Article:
As you may already know, the Arduino Ethernet Shield allows an Arduino board to connect to the internet, which is awesome. It’s based on the Wiznet W5100 ethernet chip providing a network (IP) stack capable of both TCP and UDP. The Arduino Ethernet Shield supports up to four simultaneous socket connections. Use the Ethernet library to write sketches which connect to the internet via a standard RJ45 Ethernet jack using the shield.
The Ethernet jack can also be used for power, did you know that? Check it out: Power over Ethernet, or PoE for short, is a system that’s designed to pass data and power, safely, over the same Cat5 cable. You may have noticed the odd headers on the Arduino Ethernet shield (The line of holes at an angle to the rest of the board) Well those are there so that you can install a PoE module. We’ve included that PoE module on this one! The Ag9120-S.
The Ag9120-S is a module designed to extract power from a conventional twisted pair Category 5 Ethernet cable, conforming to the IEEE 802.3af Power-over-Ethernet (PoE) standard.It provides the PoE compatibility signature and power classification required by the Power Sourcing Equipment (PSE) before applying up to 15W power to the port. The high efficiency DC/DC converter operates over a wide input voltage range (36V to 48V typical) and provides a regulated low ripple and low noise output. The DC/DC converter also has built-in overload and short-circuit output protection.
Aside from the inclusion of the Ag9120-S module, this is the same Arduino Ethernet Shield we’ve been selling, which means it has a micro-SD card slot, which can be used to store files for serving over the network. It is compatible with the Arduino Uno and Mega (using the Ethernet library). You can access the on-board SD card slot using the SD library which is included in the current Arduino build.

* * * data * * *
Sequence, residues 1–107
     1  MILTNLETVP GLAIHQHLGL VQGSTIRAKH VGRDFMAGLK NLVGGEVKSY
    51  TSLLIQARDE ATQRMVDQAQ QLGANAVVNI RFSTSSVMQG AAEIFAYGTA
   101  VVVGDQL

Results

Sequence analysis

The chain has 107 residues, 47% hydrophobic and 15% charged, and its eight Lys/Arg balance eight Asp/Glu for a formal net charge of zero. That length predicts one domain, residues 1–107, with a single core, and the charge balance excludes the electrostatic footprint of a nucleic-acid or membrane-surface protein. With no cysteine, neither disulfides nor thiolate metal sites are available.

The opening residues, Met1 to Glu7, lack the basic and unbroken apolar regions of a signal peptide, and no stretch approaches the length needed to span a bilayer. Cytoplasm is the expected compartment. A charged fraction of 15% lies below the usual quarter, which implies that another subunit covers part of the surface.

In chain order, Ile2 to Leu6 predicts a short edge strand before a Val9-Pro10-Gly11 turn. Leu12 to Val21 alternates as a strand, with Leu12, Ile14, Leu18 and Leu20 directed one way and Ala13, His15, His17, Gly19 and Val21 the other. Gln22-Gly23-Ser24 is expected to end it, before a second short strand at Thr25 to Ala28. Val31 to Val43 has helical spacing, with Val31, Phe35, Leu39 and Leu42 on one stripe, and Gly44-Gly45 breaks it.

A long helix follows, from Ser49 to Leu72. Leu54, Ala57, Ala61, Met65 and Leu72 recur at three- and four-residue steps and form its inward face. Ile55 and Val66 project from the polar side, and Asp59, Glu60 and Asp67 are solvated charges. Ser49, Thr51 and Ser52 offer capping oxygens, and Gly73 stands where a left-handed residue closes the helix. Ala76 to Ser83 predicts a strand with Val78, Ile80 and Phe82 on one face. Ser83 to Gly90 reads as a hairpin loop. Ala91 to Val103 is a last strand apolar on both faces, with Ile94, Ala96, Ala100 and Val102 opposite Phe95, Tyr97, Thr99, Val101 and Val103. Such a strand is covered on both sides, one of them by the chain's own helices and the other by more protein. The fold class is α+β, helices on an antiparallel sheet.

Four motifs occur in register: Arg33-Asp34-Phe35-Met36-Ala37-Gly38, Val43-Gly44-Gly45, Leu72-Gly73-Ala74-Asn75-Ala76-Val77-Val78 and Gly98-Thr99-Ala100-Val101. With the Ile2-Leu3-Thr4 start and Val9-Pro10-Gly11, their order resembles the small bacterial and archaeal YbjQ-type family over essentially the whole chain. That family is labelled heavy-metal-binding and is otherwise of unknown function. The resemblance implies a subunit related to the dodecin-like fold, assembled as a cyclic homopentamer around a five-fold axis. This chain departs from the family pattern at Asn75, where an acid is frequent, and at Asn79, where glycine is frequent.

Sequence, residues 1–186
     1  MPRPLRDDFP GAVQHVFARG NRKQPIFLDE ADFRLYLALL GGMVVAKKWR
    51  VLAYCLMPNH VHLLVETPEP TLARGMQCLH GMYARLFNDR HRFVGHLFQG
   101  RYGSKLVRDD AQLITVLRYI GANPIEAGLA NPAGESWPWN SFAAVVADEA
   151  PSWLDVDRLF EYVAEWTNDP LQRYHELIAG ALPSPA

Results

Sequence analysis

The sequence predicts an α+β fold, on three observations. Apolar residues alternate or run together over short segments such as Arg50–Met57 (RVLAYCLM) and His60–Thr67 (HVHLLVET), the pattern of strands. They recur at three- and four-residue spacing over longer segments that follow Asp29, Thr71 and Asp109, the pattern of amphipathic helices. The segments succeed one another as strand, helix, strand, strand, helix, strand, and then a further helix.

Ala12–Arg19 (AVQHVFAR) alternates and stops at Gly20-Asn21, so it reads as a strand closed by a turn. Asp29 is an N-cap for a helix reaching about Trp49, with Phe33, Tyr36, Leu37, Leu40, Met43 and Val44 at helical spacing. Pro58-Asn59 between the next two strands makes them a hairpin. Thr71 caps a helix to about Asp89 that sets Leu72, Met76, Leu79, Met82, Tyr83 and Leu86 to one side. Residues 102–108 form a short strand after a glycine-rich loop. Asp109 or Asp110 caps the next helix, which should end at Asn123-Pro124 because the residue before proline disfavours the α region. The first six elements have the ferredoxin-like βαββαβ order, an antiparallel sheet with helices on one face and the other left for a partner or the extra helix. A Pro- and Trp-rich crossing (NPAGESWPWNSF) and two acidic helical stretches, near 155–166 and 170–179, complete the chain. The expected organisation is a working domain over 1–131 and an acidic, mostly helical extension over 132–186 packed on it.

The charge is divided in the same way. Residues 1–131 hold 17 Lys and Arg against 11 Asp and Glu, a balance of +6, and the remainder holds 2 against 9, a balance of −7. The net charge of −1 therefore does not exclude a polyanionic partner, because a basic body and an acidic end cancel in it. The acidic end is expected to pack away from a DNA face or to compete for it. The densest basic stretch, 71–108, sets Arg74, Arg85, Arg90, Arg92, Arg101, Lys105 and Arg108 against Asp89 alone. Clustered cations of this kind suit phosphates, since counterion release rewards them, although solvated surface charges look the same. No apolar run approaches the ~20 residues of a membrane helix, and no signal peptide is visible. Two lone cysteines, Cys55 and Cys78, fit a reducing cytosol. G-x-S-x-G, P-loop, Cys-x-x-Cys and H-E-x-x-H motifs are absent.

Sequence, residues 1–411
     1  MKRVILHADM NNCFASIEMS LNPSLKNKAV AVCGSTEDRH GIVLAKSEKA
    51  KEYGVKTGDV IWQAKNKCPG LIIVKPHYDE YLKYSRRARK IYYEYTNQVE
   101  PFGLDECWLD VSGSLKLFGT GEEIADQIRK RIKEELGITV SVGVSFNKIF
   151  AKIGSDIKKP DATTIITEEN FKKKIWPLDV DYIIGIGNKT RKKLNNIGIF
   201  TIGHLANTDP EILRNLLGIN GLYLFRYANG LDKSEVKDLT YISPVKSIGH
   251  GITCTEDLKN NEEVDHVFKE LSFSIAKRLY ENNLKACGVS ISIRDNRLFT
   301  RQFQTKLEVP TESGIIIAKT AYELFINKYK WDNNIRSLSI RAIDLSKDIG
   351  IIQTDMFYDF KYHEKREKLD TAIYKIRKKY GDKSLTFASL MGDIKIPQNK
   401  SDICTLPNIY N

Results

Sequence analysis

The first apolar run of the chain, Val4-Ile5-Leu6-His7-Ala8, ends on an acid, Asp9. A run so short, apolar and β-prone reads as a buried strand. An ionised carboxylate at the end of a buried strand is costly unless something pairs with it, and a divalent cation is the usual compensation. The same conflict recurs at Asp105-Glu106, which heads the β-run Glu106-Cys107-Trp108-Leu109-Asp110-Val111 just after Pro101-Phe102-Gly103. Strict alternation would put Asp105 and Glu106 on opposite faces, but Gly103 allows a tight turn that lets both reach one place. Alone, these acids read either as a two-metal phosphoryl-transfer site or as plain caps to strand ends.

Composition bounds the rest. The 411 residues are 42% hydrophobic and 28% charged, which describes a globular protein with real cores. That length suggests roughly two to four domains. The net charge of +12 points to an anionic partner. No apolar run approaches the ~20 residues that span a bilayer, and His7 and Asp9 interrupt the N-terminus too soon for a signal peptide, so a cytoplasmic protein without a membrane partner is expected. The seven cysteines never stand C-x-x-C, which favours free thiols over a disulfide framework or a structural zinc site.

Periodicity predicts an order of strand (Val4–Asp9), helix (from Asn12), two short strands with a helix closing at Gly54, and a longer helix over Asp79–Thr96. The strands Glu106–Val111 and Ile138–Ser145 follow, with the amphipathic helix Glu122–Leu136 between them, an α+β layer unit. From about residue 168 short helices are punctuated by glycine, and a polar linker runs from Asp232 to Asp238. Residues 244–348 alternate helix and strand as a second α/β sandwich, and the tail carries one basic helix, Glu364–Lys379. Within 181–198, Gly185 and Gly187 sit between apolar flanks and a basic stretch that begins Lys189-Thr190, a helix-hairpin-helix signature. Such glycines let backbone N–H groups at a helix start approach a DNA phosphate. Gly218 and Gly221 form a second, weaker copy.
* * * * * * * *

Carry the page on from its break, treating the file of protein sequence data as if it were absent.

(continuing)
It also includes a reset controller, to ensure that the W5100 Ethernet module is properly reset on power-up. Previous revisions of the shield were not compatible with the Mega and need to be manually reset after power-up. The reset button on the shield resets both the W5100 and the Arduino board.
Arduino communicates with both the W5100 and SD card using the SPI bus (through the ICSP header). This is on digital pins 11, 12, and 13 on the Duemilanove and pins 50, 51, and 52 on the Mega. On both boards, pin 10 is used to select the W5100 and pin 4 for the SD card. These pins cannot be used for general i/o. On the Mega, the hardware SS pin, 53, is not used to select either the W5100 or the SD card, but it must be kept as an output or the SPI interface won’t work.
Note that because the W5100 and SD card share the SPI bus, only one can be active at a time. If you are using both peripherals in your program, this should be taken care of by the corresponding libraries. If you’re not using one of the peripherals in your program, however, you’ll need to explicitly deselect it. To do this with the SD card, set pin 4 as an output and write a high to it. For the W5100, set digital pin 10 as a high output.
If a board needs code or communicates somehow, you're going to need to know how to program or interface with it. The programming skill is all about communication and code.
Skill Level: Competent - The toolchain for programming is a bit more complex and will examples may not be explicitly provided for you. You will be required to have a fundamental knowledge of programming and be required to provide your own code. You may need to modify existing libraries or code to work with your specific hardware. Sensor and hardware interfaces will be SPI or I2C.
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If it requires power, you need to know how much, what all the pins do, and how to hook it up. You may need to reference datasheets, schematics, and know the ins and outs of electronics.
Skill Level: Rookie - You may be required to know a bit more about the component, such as orientation, or how to hook it up, in addition to power requirements. You will need to understand polarized components.
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